The conversation began with my remarking on the gay pride sticker from Droid showing two little robots holding hands, one of them carrying the multi-colored gay pride flag. “Yes,” I said, “I suppose once we start making robots, we’ll be required to make the same number of gay robots as straight robots, or else we’ll be accused of discrimination.”
My interlocutor responded that I was confusing “sex” with “gender.” “No,” I replied:
I’m not talking about their “sex” or their “gender.” You can make the robots any way you like. They can have male parts, female parts, male and female parts, parts that fit together with their other parts; they can hook up to a wall socket if you like, like R2D2 into the Death Star. In short, they can have “sex” in any possible configuration you like. But here’s my question: Why would anyone design robots to “have sex” if the robots have no chance at all of reproduction? Why would anyone waste the time, the money, and the resources to design that sort of “function” (if we can call it that) into an android? What would be the point?
The only possible reason for doing so, it seems to me, would be to give vicarious sexual pleasure to humans. To call what these robots would be doing a “sexual” act would be a stretch. At best, it could only be metaphorical, the way we talk about the “male” and “female” ends of the plugs on an extension cord. For two robots, theirs would be merely a simulacrum of a sexual act, in the end no more “sexual” than the “sex” two cartoon characters might be pictured on a computer screen – simply a particular juxtaposition of pixels and electrons, not an organic union ordered to the procreation of new life.
In the case of two robots, their “sexual” act would be what many people think human sex is: nothing more than two physical bodies in conjunction with each other in one particular way. And of course, if we think about sex in that way, then the obvious question is: What is it about that particular configuration of human bodies that makes it morally impermissible?
Indeed, as the conversation went on, these were precisely the sorts of question I was asked. “So let’s say there are two woman who love one another and are committed to one another the way you and your wife are committed to one another, and let’s say they’re engaged in an act that, if their biology were different, might lead to children, but in this case cannot. Why does the absence of this one, single dimension of the act – the possibility of having children – make it something morally unacceptable?”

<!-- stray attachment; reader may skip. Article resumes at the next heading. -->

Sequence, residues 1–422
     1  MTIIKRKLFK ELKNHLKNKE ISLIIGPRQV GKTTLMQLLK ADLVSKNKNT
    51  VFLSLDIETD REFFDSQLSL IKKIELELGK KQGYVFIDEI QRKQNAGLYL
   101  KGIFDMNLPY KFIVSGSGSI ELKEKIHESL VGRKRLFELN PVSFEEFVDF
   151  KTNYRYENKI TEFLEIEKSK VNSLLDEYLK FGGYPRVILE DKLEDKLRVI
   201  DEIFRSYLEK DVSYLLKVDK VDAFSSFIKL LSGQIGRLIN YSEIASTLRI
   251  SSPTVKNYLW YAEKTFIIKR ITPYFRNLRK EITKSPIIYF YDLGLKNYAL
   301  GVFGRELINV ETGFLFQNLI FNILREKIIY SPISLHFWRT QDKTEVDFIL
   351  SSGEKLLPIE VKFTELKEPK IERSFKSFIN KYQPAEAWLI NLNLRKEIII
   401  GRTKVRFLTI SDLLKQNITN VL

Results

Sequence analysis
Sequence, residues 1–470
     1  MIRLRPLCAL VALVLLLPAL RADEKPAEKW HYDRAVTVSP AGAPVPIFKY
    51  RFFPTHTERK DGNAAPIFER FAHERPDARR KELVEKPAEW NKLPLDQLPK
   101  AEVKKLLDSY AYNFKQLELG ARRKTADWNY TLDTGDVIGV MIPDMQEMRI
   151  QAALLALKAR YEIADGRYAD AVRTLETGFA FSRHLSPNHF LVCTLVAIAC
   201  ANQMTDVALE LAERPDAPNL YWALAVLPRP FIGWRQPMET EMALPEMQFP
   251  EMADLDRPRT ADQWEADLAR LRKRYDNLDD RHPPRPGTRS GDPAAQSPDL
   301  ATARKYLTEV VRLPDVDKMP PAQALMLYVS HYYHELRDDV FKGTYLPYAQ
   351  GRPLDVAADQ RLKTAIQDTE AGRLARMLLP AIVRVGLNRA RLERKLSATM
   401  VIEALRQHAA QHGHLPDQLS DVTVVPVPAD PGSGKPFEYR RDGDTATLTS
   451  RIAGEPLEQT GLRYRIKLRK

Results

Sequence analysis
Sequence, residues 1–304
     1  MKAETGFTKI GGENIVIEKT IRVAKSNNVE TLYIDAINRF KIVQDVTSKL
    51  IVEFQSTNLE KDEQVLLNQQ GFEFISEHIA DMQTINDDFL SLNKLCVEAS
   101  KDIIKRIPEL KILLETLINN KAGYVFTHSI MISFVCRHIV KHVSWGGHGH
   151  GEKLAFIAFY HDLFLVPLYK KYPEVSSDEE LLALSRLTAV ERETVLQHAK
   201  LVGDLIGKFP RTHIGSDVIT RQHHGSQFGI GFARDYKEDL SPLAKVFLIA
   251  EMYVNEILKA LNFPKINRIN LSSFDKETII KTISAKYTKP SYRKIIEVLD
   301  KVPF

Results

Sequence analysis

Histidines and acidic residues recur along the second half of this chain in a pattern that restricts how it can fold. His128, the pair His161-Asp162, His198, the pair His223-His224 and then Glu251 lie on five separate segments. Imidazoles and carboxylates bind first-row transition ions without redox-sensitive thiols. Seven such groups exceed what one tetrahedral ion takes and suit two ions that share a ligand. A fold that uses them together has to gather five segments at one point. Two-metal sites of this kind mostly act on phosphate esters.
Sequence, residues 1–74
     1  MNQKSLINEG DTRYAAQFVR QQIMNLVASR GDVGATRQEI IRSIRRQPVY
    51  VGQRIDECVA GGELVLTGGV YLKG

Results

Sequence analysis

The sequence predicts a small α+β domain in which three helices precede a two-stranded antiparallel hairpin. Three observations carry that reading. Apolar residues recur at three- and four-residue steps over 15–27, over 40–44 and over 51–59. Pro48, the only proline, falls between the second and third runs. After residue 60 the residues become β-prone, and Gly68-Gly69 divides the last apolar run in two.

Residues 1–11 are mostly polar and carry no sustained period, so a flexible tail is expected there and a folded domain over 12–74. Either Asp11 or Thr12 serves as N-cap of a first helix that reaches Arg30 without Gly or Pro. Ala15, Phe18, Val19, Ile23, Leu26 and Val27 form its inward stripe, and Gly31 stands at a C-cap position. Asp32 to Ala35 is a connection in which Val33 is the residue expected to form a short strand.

Green Gay Androids of Google
You get the picture. An act identical in every other respect except for the absence of this one thing: namely, the possibility of having children. How is this situation different, my young friend wanted to know, from the same sort of act between a married heterosexual couple having sex during the woman’s infertile periods, when that dimension of the act (the possibility of having children) is similarly absent?
I’ll have more to say on this question in the future, but the first thing we might notice is the degree to which such a question is made possible by the culture of contraception. It might be good to recall that for the bulk of human history, no one could have thought about sex this way. It’s not that people in the past weren’t interested in having sex without making babies – people were always interested in pleasure without consequences. No, it’s just that, whether people were trying desperately to avoid babies or not, couples engaging in sex wouldn’t have been able to avoid thinking about procreation. Everyone was very aware that what they were doing involved something like planting seed in fertile soil.
Contraception changes that mentality: sex becomes increasingly divorced from procreation, not merely in practice (which was always a possibility) but in the way people think about sex. Before the advent of reliable contraception, no one would have said that procreation was just one dimension of sex. Even today, people euphemistically refer to the sexual act as “making babies” — sometimes even when the couple in question doesn’t want to make a baby.
It’s only in the present rather confused age that we’re in the rather odd position of having people engaged in the act of “making babies” who want to claim that “making a baby” is only one dimension of that particular act, and a non-essential one at that! So, for example, it’s only for this current generation that masturbation would be considered a form of “sex.” In the past, masturbation would have been considered something one did when “sex” was for some reason not available. For this generation, any sexual stimulation whatsoever can be called “sex.”
The first thing to notice about many modern conversations about “sex” is that the two parties may actually be talking about two entirely different things. From the Catholic perspective, talking about sex as though it was merely an arrangement of body parts would be like equating sex with the game “Twister.” In this confused age, the first question we have to get clear is this: What makes something “sex”? A configuration of body parts? A feeling?
More on this next time.